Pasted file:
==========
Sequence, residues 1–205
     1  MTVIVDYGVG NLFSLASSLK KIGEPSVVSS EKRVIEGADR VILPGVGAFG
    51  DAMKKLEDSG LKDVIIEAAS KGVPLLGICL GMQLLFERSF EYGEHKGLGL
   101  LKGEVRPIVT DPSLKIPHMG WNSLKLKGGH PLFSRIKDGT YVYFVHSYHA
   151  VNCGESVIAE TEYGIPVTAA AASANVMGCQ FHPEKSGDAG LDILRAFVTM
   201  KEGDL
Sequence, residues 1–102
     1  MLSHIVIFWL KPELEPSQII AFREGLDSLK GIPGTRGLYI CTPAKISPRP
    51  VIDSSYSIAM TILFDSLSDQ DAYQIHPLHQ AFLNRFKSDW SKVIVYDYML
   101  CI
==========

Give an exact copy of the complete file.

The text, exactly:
Sequence, residues 1–205
     1  MTVIVDYGVG NLFSLASSLK KIGEPSVVSS EKRVIEGADR VILPGVGAFG
    51  DAMKKLEDSG LKDVIIEAAS KGVPLLGICL GMQLLFERSF EYGEHKGLGL
   101  LKGEVRPIVT DPSLKIPHMG WNSLKLKGGH PLFSRIKDGT YVYFVHSYHA
   151  VNCGESVIAE TEYGIPVTAA AASANVMGCQ FHPEKSGDAG LDILRAFVTM
   201  KEGDL
Sequence, residues 1–102
     1  MLSHIVIFWL KPELEPSQII AFREGLDSLK GIPGTRGLYI CTPAKISPRP
    51  VIDSSYSIAM TILFDSLSDQ DAYQIHPLHQ AFLNRFKSDW SKVIVYDYML
   101  CI